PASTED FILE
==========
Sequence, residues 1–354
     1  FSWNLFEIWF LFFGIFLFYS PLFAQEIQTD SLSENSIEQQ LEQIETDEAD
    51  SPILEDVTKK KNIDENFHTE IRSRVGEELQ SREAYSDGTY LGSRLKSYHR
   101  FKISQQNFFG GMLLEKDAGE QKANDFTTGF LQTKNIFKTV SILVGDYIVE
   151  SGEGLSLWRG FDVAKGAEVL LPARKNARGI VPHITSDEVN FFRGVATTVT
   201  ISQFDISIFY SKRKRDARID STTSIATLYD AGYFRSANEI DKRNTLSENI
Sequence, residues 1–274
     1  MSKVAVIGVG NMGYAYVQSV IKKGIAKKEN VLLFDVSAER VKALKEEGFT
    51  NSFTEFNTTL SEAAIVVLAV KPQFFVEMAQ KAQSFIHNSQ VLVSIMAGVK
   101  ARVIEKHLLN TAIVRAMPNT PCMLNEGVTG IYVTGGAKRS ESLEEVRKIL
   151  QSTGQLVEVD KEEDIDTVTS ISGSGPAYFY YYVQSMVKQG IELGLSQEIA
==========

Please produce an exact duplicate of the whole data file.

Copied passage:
Sequence, residues 1–354
     1  FSWNLFEIWF LFFGIFLFYS PLFAQEIQTD SLSENSIEQQ LEQIETDEAD
    51  SPILEDVTKK KNIDENFHTE IRSRVGEELQ SREAYSDGTY LGSRLKSYHR
   101  FKISQQNFFG GMLLEKDAGE QKANDFTTGF LQTKNIFKTV SILVGDYIVE
   151  SGEGLSLWRG FDVAKGAEVL LPARKNARGI VPHITSDEVN FFRGVATTVT
   201  ISQFDISIFY SKRKRDARID STTSIATLYD AGYFRSANEI DKRNTLSENI
Sequence, residues 1–274
     1  MSKVAVIGVG NMGYAYVQSV IKKGIAKKEN VLLFDVSAER VKALKEEGFT
    51  NSFTEFNTTL SEAAIVVLAV KPQFFVEMAQ KAQSFIHNSQ VLVSIMAGVK
   101  ARVIEKHLLN TAIVRAMPNT PCMLNEGVTG IYVTGGAKRS ESLEEVRKIL
   151  QSTGQLVEVD KEEDIDTVTS ISGSGPAYFY YYVQSMVKQG IELGLSQEIA